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Sequential signals may hide combinational ones

Verilog is a hardware language with a syntax similar to C, but very different semantics: signals, circuits, and registers for storing the state.

Registers and sequential logic

                 ┌─────┐
some circuit  >──┤D   Q├──>  some circuit
                 │     │     updated one clock edge later
               ┌─>     │
               │ └─────┘
             clock

They use the <= assignment operator to build-up sequential logic. Like software variables, they can hold values across multiple clock cycles. An assignment to a register (on D) gets read (on Q) on the next clock cycle.

reg r;
always_ff @(posedge clk) begin
  r <= 1;             └── This is the clock connected to all registers
end    └── This is the input signal D fed into the register

wire w = r;
         └── This is the output signal Q read from the register

Wires, signals, and combinational logic

some circuit  >───────────────>  some circuit
                the_wire_name

Most verilog expressions gets converted to a circuit of gates implementing it. The = assignment used in various contexts permit to attach an end of a wire to a name, a label. The always_comb block can only have =, no <=, and implement combinational logic.

input i;
wire [7:0] w;
always_comb begin
  w = i ^ 8'b10101010;
end

How combinational logic appear

But what if complex expressions are assigned to a register instead of a wire? The signal coming into the register may be represented as an expression itself, and expressions are combinational logic. The flip-flop-only always_ff contains, in fact, a mix of combinational and sequential logic.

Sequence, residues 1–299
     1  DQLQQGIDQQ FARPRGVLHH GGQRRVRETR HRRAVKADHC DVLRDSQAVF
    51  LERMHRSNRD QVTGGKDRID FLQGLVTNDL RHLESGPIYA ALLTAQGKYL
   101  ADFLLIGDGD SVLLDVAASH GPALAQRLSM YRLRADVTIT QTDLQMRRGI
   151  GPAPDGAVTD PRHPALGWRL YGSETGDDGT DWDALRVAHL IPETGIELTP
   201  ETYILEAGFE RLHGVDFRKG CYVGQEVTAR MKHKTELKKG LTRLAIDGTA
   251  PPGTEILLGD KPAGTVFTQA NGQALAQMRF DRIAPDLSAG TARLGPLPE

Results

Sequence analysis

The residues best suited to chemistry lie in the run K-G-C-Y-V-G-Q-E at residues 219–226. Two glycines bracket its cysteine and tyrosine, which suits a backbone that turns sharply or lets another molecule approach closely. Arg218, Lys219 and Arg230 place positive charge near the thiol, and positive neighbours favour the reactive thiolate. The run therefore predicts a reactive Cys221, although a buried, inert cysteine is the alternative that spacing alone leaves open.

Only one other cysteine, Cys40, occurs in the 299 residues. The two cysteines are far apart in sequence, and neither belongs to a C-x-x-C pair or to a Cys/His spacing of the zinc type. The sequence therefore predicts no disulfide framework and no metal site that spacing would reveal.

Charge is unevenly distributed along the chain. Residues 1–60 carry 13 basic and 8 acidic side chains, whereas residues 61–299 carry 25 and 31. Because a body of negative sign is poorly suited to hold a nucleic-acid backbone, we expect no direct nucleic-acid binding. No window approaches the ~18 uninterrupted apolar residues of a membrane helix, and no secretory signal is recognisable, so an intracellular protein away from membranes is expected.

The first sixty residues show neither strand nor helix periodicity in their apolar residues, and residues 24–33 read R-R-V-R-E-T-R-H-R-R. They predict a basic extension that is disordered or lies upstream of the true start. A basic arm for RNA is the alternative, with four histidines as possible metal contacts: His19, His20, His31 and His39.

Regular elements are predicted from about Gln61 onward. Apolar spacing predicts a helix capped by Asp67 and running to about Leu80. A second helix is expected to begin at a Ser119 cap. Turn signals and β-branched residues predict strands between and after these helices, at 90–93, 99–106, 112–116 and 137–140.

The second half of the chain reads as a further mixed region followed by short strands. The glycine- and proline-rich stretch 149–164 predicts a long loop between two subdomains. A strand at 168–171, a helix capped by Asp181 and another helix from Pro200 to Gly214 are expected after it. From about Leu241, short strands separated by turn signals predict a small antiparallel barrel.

The restriction in always_ff is that adding extra combinational logic is forbidden (no = operator) but combinational logic feeding registers can still occur. It helps with preventing <= being typoed into =.

input i;
reg [7:0] r;
always_ff @(posedge clk) begin
  r <= i ^ 8'b10101010;
end

This is not a problem per-se, just a remark.

The LowRISC approach

The above permits us to explain the approach LowRISC is taking. The team described it in their style guide for SystemVerilog:

It is done by coupling a always_ff that applies the changes to registers, with always_comb that build-up the next values. Each register is having:

On each clock, this happens alone in a block: something_q <= something_d; and the rest is purely combinational.

In other words, the sequential operation have been isolated, by giving the input signal a name (something_d here).

wire something_d;
reg [7:0] something_q;
always_ff @(posedge clk) begin
  // apply the changes to the registers
  something_q <= something_d;
end

always_comb begin
  // by default, the value stays the same as the register previous value
  // this was happening under the hood in the previous examples, it is now
  // explicit
  something_d = someting_q;

  // for giving something_q another value, something_d can be changed with
  // in the combinational logic
  if (i > 3) begin
    something_d = something_d + 1;
  end
end

Extra convention

In addition to LowRISC guideline, I also use this convention: When declaring signals with logic, the _d wire comes first, followed by _q and _q2 etc. That way, there is one line per signal, including its past state. This help with reading code faster:

logic ack_d, ack_q, ack_q2;
logic state_d, state_q;
logic counter_q;

In practice?

Inconvenients:

Advantages:

It is also frequent to have a reset signal that puts all registers to a default value. The LowRISC approach makes it convenient to integrate it within the always_ff block, introducing a little bit of combinational logic, without much effect.

always_ff @(posedge clk) begin
  if (rst) begin
    something0_q <= 0;
    something1_q <= 0;
    something2_q <= 0;
    something3_q <= 0;
  end else begin
    something0_q <= something0_d;
    something1_q <= something1_d;
    something2_q <= something2_d;
    something3_q <= something3_d;
  end
end

In a real world example, I would have been using logic instead of wire and reg, the _q and _d helping with making the distinction. I would also likely use rst_ni instead of rst and clk_i instead of clk.

Also sometimes the whole design is so trivial that a separate always_comb would be an overkill.

https://lowrisc.org/

https://github.com/lowRISC/style-guides/blob/master/VerilogCodingStyle.md